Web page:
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Press Conference by the Chief Cabinet Secretary

April 19, 2017 (AM)

If you can not view the video,click here(Japanese Government Internet TV)
This video's audio is a provisional translation through live simultaneous interpretation.

Press Conference by the Deputy Chief Cabinet Secretary (Excerpt)

[Provisional Translation]

Q&As

REPORTER: I would like to ask about the general election in the United Kingdom. Yesterday, Prime Minister May expressed her intention to hold a snap election on June 8 to confirm the direction of the United Kingdom's withdrawal from the European Union with its citizens. First of all, how does the Japanese Government perceive this?

DEPUTY CHIEF CABINET SECRETARY HAGIUDA: The Government is aware that on April 18, U.K. time, Prime Minister May expressed her intention to hold a snap election on June 8. As a representative of the Japanese Government I would like to refrain from commenting on the internal politics of other countries, but we will closely monitor the developments pertaining to the snap election and the United Kingdom's withdrawal from the EU. In particular, the relevant ministries will continue working to gather the information I indicated in the meeting of the Government's  task force regarding the withdrawal of the United Kingdom from the European Union held on March 30. Furthermore, the Government will continue sharing appropriate information with and supporting Japanese enterprises, and calling on the United Kingdom and the European Union to take the necessary actions as appropriate.

REPORTER: I have a related question regarding the task-force you just mentioned. What is your view on the impact Prime Minister May's recent decision will have on the management of Japanese enterprises?

DEPUTY CHIEF CABINET SECRETARY HAGIUDA: While Prime Minister May has declared a snap election, it will not be held without the agreement of two-thirds of the Parliament. We intend to respond to the situation after confirming the result and the ensuing developments. Therefore we have not assumed what the impact will be at this stage.

(Abridged)

REPORTER: Materials related to comfort women were submitted to the Cabinet Secretariat recently. The materials were submitted by the National Archives of Japan, and experts have stated that within the 182 points of the materials, there are descriptions which demonstrate the participation of the military and enforced enlistment. Please share the Government's position on whether the contents of the materials show proof of the enforced enlistment of comfort women.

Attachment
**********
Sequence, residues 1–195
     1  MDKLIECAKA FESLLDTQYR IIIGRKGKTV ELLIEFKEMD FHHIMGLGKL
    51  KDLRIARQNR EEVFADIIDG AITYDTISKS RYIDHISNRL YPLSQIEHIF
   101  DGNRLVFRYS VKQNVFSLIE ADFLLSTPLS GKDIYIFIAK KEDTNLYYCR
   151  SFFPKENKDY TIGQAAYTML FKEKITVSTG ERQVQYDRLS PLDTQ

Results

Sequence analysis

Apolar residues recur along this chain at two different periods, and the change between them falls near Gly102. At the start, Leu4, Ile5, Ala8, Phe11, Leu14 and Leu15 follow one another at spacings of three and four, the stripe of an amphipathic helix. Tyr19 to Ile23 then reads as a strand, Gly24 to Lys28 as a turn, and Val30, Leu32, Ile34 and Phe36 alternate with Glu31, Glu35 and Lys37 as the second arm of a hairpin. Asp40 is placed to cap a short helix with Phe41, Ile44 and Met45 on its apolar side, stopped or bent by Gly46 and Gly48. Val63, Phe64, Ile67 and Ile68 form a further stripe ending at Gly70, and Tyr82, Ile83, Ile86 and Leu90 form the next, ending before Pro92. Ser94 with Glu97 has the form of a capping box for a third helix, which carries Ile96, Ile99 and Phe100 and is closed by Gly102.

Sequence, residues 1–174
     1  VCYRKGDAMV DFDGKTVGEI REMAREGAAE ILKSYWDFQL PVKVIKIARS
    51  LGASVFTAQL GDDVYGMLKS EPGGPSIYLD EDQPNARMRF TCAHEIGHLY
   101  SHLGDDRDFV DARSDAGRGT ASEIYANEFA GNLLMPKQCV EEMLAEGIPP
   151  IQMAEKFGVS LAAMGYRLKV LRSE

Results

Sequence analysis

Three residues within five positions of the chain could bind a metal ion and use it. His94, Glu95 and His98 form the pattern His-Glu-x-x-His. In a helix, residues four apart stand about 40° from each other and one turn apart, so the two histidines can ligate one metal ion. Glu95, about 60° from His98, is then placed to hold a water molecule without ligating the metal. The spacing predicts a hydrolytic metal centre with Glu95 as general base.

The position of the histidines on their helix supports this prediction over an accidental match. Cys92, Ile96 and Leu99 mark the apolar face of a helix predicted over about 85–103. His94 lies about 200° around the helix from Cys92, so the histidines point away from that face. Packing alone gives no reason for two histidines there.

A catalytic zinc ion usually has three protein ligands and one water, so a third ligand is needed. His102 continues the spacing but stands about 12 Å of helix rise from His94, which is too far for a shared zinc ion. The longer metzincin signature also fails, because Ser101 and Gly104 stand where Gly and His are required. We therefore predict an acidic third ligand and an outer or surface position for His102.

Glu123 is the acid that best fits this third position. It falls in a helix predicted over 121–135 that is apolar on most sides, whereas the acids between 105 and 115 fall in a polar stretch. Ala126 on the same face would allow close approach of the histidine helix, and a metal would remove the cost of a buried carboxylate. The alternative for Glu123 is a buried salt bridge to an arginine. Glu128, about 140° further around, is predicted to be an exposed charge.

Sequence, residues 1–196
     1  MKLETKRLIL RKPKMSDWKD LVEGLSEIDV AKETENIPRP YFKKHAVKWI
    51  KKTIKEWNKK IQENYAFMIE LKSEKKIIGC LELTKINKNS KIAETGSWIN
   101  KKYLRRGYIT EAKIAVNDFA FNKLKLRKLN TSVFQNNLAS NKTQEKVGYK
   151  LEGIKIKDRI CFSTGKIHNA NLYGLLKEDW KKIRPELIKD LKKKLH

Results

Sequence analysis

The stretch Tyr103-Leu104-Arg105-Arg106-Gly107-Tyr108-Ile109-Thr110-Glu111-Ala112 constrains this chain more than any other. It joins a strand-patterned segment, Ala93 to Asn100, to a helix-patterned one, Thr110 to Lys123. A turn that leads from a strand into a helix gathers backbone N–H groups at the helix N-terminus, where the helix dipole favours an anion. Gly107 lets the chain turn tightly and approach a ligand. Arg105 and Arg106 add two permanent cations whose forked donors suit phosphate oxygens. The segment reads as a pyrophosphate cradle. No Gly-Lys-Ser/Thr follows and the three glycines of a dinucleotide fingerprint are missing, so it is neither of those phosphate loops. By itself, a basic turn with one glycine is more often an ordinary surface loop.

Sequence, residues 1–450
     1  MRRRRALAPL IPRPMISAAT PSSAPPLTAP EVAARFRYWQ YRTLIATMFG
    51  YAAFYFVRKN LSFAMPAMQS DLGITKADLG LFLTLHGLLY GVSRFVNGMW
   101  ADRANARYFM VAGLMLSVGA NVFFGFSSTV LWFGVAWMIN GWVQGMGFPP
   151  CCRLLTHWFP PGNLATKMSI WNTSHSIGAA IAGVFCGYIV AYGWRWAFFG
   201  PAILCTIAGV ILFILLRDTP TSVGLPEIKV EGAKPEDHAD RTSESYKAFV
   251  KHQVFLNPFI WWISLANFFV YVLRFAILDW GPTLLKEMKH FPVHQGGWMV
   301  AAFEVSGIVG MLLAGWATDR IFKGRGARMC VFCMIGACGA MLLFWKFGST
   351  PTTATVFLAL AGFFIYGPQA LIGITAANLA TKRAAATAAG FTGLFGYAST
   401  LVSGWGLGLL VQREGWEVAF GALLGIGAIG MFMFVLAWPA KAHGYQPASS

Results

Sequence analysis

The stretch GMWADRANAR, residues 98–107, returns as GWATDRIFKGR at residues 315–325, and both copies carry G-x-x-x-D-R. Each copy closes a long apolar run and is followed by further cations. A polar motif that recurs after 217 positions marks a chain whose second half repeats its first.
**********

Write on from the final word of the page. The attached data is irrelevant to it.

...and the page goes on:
DEPUTY CHIEF CABINET SECRETARY HAGIUDA: The Government is aware the National Archives of Japan provided a report of documents relating to comfort women to the Cabinet Secretariat on February 3 of this year, based on a notification by the Head of the Cabinet Foreign Affairs Office made in 1996, covering documents transferred from the Ministry of Justice to the National Archives of Japan in 1999. We recognize that all the materials you referred to have already been made public, and that none of the materials uncovered by the Government thus far, including the mentioned materials, show any direct indication of so-called forced enlistment by the military or officials. It is difficult to carry out detailed investigations of individual cases of the actual circumstances of the time, including the factuality of individual cases, beyond what is recorded in the documents, but in any case we do not consider the recent materials to show any direct indication of systematic so-called forced enlistment by the military in the recruitment of comfort women.

REPORTER: I have a related question. Does the Government plan to carry out further scrutiny of the materials recently presented?

DEPUTY CHIEF CABINET SECRETARY HAGIUDA: As I have just stated, the Government considers it difficult to carry out detailed investigations of individual cases of the actual circumstances of the time, including the factuality of individual cases, beyond what is recorded in the documents.